Jill Stein

March 14, 2011

March 14, 2011 (Vienna, Austria) — The atypical antipsychotic agent quetiapine (Seroquel, AstraZeneca) appears to provide no benefit for the treatment of cocaine addiction, new research suggests.

Presented here at EPA 2011: 19th European Congress of Psychiatry, the study showed that quetiapine was no more effective than placebo for treating cocaine dependence in nonpsychotic individuals undergoing cognitive behavioral therapy (CBT).

"In clinical settings where cognitive behavioral groups are available, it does not appear that prescribing additional quetiapine is warranted since it would expose the individual to the risks of an antipsychotic medication without the expectation of benefit beyond the efficacy of group therapy," Andre Tapp, MD, director of ambulatory psychiatry at the Veterans Affairs Puget Sound Health System in Tacoma, Washington, told Medscape Medical News.

It is estimated that in the United States approximately 1.5 million people are cocaine dependent. However, despite the ongoing epidemic of cocaine use, there are no US Food and Drug Administration–approved medications for cocaine dependence.

Dr. Andre Tapp

Several psychoactive compounds, including dopamine agonists, dopamine antagonists, antidepressants, and mood stabilizers, have been tested for this indication. Some of these compounds have shown promise in open-label studies, but few have demonstrated efficacy in randomized controlled trials.

Dopaminergic and serotonergic neurotransmitter systems are involved in cocaine use and cravings. Because atypical antipsychotics act on these neurotransmitter systems, there has been a lot of interest in their potential use for the treatment of cocaine addiction.

In a prior study of 22 nonpsychotic male veterans with cocaine dependence, these same investigators found that open-label quetiapine treatment reduced cravings and improved some aspects of cocaine dependence.

In the present study, 60 male and female veterans and nonveterans were randomized to 12 weeks' treatment with either quetiapine or placebo. In all cases, their diagnosis of cocaine dependence had been confirmed using the Structured Clinical Interview for DSM-IV disorders at screening, and all of participants reported using cocaine within the prior 30 days.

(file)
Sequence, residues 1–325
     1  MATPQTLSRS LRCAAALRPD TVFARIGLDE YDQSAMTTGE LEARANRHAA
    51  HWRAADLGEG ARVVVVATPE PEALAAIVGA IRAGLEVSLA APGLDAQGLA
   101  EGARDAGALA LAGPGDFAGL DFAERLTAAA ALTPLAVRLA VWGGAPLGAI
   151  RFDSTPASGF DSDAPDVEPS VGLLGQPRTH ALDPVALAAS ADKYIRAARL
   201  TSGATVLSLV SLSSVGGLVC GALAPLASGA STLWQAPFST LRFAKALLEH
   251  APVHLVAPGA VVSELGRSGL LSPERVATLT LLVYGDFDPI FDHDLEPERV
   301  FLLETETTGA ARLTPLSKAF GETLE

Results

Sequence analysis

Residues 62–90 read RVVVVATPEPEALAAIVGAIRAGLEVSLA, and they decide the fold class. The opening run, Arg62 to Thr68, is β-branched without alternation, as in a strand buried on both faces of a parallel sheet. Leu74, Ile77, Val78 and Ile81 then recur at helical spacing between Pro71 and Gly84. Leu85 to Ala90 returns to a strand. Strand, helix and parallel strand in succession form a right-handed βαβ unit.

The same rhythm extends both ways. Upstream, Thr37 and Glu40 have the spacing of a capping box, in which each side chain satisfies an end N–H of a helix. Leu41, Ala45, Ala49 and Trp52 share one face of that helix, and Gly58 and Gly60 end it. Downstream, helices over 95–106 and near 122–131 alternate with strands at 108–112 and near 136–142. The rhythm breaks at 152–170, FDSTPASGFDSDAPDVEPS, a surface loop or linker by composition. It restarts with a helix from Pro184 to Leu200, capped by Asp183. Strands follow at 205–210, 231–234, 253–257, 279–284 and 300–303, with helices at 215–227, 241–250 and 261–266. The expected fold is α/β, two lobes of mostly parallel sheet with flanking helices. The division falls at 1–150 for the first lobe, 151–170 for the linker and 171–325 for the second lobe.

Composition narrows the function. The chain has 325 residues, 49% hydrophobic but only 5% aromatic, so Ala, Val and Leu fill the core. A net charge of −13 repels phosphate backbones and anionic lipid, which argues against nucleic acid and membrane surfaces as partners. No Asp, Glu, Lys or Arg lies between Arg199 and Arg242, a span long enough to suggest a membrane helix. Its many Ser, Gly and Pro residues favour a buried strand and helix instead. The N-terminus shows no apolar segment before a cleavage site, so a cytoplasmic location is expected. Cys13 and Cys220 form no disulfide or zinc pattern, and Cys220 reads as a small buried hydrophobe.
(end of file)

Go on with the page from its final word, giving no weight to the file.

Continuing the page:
Participants who had been assigned to quetiapine initially received 50 mg/day, which was titrated up to 400 mg/day by the end of the second week. If an individual was not able to tolerate the prescribed dosage during the titration phase or at any time during treatment, the active drug was reduced to 300, 200, 100, or 50 mg/day as tolerated. If an individual was unable to tolerate the 50-mg/day dose, he/she was removed from the drug portion of the study.

Subjects presented to the clinic each week for group CBT and a urine drug screen. They were also asked about their cocaine use and money spent on cocaine during the past week.

Overall, 68% of individuals dropped out of the study prematurely. However, this rate is typical for individuals with cocaine dependence, Dr. Wood said. There were no significant differences in dropout rates between the 2 groups (χ2 [1] = 0.20, P = .65).

The analysis showed a main effect for reductions in self-reported cocaine use (F2,21 = 4.71, P = .02; partial x = .31) and self-reported money spent on cocaine (F2,21 = 4.20, P = .03, partial x = .32) during the study. However, group differences were not significant (all P >.25).

The most common adverse effects were drowsiness/hypersomnia and dry mouth, both of which were more common in the quetiapine group.

"While subjects as a whole improved by decreasing their cocaine use, the quetiapine group did not show any significant differences from the placebo group," said Dr. Tapp. "The data thus indicate that quetiapine was not effective for reducing cocaine use."

He added that because all subjects in this study underwent CBT, it is not possible to determine from this study how quetiapine would perform against a true placebo in which case patients would receive no treatment.

He called for future studies to examine whether quetiapine can help patients with cocaine dependence in settings where CBT is not available.

"Unfortunately, no medication has proven effective in the treatment of cocaine dependence," Merrill Herman, MD, program director of the Addiction Psychiatry Fellowship and associate clinical professor, Department of Psychiatry and Behavioral Sciences at Albert Einstein College of Medicine-Montefiore Medical Center in New York City, told Medscape Medical News.

"As the study demonstrates, quetiapine is not effective for cocaine addiction. However, preliminary studies suggest that the wakefulness agent modafanil may hold some promise."

For now, said Dr. Herman, the only modalities shown to be effective for cocaine dependence are of a nonpharmacologic nature, including CBT with relapse prevention techniques.

"Maybe a medication will be developed in the future to work in conjunction with psychosocial approaches," he added.

The study was funded by an Investigator-Initiated Grant from AstraZeneca Pharmaceuticals and received institutional support through the Mental Illness Research Education and Clinical Center at the VA Puget Sound Health Care System. Dr. Tapp is a member of the AstraZeneca Pharmaceuticals LP Speakers Bureau.

EPA 2011: 19th European Congress of Psychiatry: Abstract 861. Presented March 13, 2011.

Comments

3090D553-9492-4563-8681-AD288FA52ACE
Comments on Medscape are moderated and should be professional in tone and on topic. You must declare any conflicts of interest related to your comments and responses. Please see our Commenting Guide for further information. We reserve the right to remove posts at our sole discretion.
Post as:

processing....